What Was Behind the Rise (and Subsequent Fall) in Teacher Turnover?
Despite the conventional wisdom, there’s very little evidence that current education policies are driving teacher turnover. In fact, although the teacher turnover* rate rose in the 1990s and 2000s, more recently it’s started to fall. This change can be traced to changing demographics of the teacher workforce as a whole.
To understand how these trends are shaping the teacher workforce, let’s start with the overall national data. The graph below comes from a post I wrote last fall showing national, longitudinal data from the National Center for Education Statistics (NCES). It tracks the percentage of teachers in a given year who leave the profession. As the arrows show, there was a general upward trend through most of the 1990s and 2000s, but that trend has reversed in more recent years:
What was behind the rise in teacher turnover in the first place? It can’t be blamed on policy changes like No Child Left Behind (NCLB) or Common Core or teacher evaluations, because the upward trend predates all of these policies. The conventional wisdom on NCLB in particular is contrary to what the evidence actually says. But what about more vague concepts like “respect” for teachers? That’s harder to pin down, but there’s no evidence there was ever some sort of golden era where America teachers received the respect or pay they deserved.
The simpler, more plausible explanations for the changes go back to human nature and demographics. After all, teachers are human, and they tend to behave like all other workers. Turnover tends to rise during economic expansions, when employers are hiring, and it falls during recessions, when hiring dries up. Worker life cycles matter as well. Inexperienced workers, including teachers, tend to have higher turnover rates, and so do older workers approaching retirement. All else equal, a less experienced, older workforce is likely to have higher turnover rates overall, even if retention rates for particular groups of workers stay exactly the same.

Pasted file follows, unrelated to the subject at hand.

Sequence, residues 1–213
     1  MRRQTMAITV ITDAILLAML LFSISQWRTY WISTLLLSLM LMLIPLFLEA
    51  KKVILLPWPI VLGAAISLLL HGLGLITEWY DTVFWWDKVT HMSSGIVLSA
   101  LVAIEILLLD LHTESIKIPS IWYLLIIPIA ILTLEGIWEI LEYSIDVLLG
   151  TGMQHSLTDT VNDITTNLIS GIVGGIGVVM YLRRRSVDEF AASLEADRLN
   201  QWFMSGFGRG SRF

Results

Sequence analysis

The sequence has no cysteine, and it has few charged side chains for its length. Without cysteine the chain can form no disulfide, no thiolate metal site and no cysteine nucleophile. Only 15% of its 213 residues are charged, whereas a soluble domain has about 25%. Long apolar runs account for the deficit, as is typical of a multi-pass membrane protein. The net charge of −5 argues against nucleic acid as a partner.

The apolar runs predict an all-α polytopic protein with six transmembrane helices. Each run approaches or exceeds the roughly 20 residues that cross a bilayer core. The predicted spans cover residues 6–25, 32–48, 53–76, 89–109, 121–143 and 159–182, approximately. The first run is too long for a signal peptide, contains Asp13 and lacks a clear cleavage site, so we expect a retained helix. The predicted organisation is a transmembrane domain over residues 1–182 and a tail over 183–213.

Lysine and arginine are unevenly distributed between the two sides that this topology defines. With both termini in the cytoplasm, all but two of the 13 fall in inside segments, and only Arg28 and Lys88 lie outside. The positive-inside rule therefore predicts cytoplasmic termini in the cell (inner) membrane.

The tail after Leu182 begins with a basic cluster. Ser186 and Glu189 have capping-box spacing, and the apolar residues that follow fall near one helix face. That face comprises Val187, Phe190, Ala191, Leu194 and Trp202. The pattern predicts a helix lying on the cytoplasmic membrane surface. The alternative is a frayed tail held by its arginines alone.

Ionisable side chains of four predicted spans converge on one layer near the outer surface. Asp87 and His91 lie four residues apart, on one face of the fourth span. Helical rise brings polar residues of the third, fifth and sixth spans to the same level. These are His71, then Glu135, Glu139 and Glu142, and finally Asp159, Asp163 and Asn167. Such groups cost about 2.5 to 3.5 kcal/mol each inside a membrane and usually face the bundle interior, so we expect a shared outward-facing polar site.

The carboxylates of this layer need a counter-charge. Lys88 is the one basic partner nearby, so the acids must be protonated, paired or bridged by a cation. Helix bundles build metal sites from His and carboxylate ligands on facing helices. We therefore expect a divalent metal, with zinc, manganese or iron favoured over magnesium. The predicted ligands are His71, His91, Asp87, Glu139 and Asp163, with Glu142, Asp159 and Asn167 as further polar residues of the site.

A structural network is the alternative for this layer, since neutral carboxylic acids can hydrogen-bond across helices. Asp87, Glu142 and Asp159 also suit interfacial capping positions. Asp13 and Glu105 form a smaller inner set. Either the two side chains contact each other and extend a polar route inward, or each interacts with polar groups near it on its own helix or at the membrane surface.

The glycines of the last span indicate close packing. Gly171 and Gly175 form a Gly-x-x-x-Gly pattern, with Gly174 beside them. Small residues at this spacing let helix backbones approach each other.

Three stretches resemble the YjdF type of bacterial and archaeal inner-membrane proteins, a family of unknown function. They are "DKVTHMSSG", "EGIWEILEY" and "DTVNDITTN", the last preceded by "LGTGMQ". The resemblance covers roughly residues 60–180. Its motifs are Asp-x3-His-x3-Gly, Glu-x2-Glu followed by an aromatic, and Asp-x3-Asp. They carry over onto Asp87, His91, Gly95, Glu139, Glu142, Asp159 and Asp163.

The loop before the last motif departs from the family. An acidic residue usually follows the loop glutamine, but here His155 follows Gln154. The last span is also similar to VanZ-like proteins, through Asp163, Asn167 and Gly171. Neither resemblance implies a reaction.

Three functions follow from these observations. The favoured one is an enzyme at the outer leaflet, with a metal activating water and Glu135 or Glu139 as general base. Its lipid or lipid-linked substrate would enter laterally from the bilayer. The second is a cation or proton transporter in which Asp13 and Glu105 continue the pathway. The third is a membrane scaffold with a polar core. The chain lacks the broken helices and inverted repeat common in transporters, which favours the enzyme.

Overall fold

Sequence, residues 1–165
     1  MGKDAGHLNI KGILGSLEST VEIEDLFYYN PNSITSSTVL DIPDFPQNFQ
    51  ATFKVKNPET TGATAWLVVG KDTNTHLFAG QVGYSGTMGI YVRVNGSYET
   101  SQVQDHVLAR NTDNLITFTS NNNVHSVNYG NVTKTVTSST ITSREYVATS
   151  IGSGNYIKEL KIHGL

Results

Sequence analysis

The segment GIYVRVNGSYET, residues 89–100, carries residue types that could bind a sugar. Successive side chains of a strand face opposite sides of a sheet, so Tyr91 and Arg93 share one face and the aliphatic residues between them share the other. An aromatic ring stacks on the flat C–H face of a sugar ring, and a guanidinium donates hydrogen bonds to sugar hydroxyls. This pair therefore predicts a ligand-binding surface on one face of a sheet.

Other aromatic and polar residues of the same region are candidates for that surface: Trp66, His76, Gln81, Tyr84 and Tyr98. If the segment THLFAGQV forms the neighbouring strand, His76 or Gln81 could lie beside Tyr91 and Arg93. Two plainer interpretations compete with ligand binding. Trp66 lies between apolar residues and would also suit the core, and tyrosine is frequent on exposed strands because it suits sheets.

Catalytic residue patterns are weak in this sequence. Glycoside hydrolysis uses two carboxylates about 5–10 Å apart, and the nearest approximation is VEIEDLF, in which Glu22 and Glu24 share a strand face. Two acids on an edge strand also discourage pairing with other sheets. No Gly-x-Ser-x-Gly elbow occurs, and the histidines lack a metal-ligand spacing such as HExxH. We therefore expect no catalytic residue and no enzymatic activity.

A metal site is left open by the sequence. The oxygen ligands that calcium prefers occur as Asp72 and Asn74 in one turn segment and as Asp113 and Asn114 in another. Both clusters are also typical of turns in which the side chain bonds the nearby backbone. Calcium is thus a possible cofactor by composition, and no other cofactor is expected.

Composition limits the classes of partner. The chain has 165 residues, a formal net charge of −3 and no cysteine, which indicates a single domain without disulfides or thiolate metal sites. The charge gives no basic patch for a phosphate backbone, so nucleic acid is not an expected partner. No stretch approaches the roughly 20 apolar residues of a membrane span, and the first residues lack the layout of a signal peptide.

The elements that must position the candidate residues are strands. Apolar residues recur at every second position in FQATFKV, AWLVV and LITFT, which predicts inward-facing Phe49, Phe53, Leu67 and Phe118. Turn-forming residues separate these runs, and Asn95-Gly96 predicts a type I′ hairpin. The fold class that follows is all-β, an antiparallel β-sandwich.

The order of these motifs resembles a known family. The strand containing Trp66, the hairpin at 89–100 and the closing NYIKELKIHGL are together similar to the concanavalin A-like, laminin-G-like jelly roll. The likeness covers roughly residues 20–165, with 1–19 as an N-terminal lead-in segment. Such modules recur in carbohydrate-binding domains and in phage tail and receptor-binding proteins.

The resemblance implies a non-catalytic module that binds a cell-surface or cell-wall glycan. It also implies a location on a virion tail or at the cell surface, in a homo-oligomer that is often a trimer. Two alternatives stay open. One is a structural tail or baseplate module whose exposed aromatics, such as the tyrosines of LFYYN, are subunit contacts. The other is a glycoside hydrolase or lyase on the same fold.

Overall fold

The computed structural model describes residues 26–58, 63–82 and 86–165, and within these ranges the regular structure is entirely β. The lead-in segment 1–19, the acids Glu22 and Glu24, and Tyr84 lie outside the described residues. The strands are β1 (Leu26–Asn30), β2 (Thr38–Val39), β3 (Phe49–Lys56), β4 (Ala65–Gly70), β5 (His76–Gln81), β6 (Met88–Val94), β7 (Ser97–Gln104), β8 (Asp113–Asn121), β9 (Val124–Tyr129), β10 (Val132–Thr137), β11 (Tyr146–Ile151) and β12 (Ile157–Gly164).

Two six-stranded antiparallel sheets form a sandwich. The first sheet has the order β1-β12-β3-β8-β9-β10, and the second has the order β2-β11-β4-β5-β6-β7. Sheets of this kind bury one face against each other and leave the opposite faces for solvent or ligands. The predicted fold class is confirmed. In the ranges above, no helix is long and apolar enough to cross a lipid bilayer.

The teacher workforce has changed in exactly these ways. As Richard Ingersoll has documented, today’s teaching workforce is both “greener” and “grayer” than it was in the past. That is, the teacher workforce became both older and less-experienced than it had been. These alone are conditions that would cause overall turnover rates to rise.
But there’s even more going on underneath those broader trends. Turnover rates for inexperienced teachers have been falling, not rising, while turnover has risen among more experienced teachers. The graph below shows the change in turnover rates from 1987 to 2012 by years of experience. The turnover rate for teachers with 1-3 years of experience fell by 1.2 percentage points during this period, whereas the rate among teachers with 20 or more years of experience increased by 4.8 percentage points.